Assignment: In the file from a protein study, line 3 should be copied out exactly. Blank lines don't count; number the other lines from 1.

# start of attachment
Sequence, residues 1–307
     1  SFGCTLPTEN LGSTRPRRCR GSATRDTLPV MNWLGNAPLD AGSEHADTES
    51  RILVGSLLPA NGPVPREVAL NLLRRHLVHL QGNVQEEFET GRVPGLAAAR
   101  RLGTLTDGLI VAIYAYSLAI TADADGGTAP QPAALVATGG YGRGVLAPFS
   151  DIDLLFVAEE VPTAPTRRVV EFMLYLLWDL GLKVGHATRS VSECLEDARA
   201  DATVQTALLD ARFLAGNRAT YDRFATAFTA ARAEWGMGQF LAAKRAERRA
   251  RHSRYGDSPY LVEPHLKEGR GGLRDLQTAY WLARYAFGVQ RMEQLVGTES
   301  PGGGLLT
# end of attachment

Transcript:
    51  RILVGSLLPA NGPVPREVAL NLLRRHLVHL QGNVQEEFET GRVPGLAAAR